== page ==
Photo by Pete Nowicki on Unsplash

Why you should focus on the best of you, rather than trying to fix the worst of you

I sucked as a soccer coach.

Yeah, I had plenty of excuses.

And, truth be told, some of the kids’ parents made the situation worse.

But knowing what I know now — I was my own worse enemy.

There I go, focusing on the worst of me.

And that was the exact problem with my coaching style.

Unfortunately, it’s the way the vast majority of us have been coached and taught, and the method most coaches and teachers still use today.

Our practices would be focused on trying to “fix” what went wrong during the game.

My halftime talk would be about went we needed to do better in the second half.

This may not sound unique or out of place.

As Tom Rath writes in StrengthsFinder 2.0:

“From the cradle to the cubicle, we devote more time to our shortcomings than to our strengths.”

Whether through our work reviews, our schooling, or our sports coaching, our “teachers” and bosses too often focus on what we did badly, and the need to fix it.

What if, however, we decided to focus on the best of us, rather than trying to fix the worst of us?

That’s the exact question asked by psychologist Donald O. Clifton, PhD, the “father of strengths-based psychology” (and Tom Rath’s grandfather).

“What will happen when we think about what is right with people rather than fixating on what is wrong with them?” — Donald O. Clifton, Ph.D.

It’s about more than just a positive attitude.

And it’s not just a state of mind.

Clifton’s efforts sparked decades of research by Gallup on strengths-based development.

Here’s just a few of the tidbits they found…

People who focus on using their strengths are: 3x as likely to report having an excellent quality of life and 6x as likely to be engaged in their jobs.

People who learn to use their strengths every day have 7.8% greater productivity.

Teams who receive strengths feedback have 8.9% greater profitability.

A further sign that the traditional/popular “weaknesses-first” approach development isn’t working is the fact that Gallup finds:

Only 13% of U.S. employees are engaged at work.

A disengaged workforce is less productive, less happy, less fulfilled and, yes, can be less profitable.

There are many facets to how a strengths-based approach can work, but the first step is taking your CliftonStrengths talent assessment here.

Here’s just a small example — continuing on my soccer coaching story from before—about how I’ve begun using this approach with my own daughter.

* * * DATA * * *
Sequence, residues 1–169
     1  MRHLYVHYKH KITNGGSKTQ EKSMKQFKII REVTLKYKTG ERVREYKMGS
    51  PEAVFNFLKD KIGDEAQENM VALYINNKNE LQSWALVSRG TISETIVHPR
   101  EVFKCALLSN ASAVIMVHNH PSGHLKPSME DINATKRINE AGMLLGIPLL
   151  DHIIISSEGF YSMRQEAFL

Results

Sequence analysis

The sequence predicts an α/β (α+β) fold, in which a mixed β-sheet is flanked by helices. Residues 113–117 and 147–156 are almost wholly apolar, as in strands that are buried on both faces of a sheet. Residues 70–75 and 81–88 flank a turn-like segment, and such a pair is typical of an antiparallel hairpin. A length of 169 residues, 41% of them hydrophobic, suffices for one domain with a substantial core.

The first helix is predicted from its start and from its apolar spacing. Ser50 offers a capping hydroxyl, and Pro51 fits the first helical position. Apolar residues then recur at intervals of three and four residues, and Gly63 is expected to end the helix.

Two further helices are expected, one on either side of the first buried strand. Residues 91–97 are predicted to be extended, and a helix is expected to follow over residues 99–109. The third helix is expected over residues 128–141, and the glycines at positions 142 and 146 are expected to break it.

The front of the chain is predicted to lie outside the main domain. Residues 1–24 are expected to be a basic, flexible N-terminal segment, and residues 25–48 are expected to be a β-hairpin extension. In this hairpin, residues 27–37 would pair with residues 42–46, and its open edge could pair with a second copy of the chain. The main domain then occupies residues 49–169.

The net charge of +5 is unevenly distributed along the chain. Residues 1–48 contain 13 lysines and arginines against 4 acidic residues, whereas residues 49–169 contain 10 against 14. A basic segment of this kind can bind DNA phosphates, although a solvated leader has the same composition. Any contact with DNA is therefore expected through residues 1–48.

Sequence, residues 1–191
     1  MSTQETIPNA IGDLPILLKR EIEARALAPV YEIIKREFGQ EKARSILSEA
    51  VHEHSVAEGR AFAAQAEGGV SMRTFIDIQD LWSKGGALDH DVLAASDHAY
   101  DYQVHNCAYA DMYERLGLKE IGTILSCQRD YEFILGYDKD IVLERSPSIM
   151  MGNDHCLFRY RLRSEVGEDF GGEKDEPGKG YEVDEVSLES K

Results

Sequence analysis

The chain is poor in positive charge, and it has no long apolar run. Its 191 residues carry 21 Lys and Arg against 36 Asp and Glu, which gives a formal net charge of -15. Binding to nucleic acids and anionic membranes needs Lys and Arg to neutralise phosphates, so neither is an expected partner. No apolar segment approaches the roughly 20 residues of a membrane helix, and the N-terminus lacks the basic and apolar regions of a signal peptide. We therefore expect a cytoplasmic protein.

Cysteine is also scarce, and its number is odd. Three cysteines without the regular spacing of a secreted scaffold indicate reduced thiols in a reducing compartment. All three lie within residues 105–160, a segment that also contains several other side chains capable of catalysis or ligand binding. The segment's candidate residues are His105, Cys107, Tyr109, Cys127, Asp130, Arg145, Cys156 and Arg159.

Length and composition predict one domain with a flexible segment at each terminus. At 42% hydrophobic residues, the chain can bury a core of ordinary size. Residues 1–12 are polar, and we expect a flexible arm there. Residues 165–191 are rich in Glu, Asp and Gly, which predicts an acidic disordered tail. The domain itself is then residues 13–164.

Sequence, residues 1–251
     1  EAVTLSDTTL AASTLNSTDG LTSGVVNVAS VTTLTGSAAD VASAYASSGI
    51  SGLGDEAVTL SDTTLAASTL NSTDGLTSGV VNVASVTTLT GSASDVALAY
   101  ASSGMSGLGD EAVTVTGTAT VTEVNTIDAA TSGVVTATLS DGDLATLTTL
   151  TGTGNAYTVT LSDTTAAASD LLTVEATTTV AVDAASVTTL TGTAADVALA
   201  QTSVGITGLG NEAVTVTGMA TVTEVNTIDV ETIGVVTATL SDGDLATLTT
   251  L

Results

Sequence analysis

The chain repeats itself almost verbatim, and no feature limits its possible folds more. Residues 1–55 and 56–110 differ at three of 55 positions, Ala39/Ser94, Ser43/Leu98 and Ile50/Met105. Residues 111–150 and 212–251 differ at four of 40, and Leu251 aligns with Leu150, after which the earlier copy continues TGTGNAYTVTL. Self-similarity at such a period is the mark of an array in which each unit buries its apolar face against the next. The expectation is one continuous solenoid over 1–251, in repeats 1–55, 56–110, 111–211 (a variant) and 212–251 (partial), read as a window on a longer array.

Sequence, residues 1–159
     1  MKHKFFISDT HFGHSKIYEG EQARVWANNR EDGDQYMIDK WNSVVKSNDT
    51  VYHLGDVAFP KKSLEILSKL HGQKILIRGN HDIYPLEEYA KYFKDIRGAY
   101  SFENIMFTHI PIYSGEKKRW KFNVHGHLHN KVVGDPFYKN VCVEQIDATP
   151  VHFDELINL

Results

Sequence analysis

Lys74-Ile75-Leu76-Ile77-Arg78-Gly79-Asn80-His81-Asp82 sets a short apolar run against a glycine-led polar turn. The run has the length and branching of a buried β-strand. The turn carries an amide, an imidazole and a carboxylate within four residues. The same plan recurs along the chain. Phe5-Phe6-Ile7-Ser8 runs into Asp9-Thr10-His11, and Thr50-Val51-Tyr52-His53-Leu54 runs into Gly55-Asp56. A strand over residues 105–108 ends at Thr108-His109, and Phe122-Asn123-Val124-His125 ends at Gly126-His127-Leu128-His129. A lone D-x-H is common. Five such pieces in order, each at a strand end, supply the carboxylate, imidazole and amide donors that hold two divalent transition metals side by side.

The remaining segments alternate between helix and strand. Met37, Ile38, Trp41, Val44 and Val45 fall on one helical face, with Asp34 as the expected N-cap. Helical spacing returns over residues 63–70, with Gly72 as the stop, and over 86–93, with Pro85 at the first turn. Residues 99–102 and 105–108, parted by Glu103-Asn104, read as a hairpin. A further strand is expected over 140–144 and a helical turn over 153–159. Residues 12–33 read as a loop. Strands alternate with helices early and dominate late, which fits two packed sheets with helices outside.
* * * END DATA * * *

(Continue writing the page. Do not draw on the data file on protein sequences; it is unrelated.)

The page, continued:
I found that she would get nervous before games by focusing on all the things her coach told her to fix in the previous practice.

As such, I asked her to visualize a game or practice where she was “in the flow.”

A game or practice where she walked away feeling satisfied like she was really crushing it.

What did she do “right” on those days that made her felt so good?

She identified three things: Staying on her toes; kicking with her laces; and, being aggressive with her feet to the ball.

Three simple things that she knew she did every time she had a killer practice or game.

So, I told her to replicate those things in the game.

I could see the weight being lifted from her shoulders.

They were things she knew how to do.

They were things at which she could do.

They were the things she knew happened every time she played well.

Did she go out and have the best game of her life after we spoke?

No — but I could tell she had a lot more fun.

She was less nervous before the game.

More confident.

And ready to kill it when she got back on the field.

It’s a small example, but hopefully a story that helps you better understand the strengths-based approach.

In fact, that specific “Best of Me” approach is one that I take in my personal coaching sessions with my clients.

Complete this sentence: You get the “best of me” when …

Another way I phrase the question: Think of a day or a time when you’re “in the flow” and feeling great. What does that look like?

The bottom line: Think of a time when you’re at your best.

And replicate it.

Focus on your strengths.

Amplify them.

Do what you do well — as much as possible.

Should you ignore your weaknesses? Of course not.

But manage them.

There are some things for which we need to be competent, rather than master.

Focus on the best of you.

Rather than trying to fix the worst of you.


Want to continue our discussion about strengths-based development? Join me at my Facebook page here.

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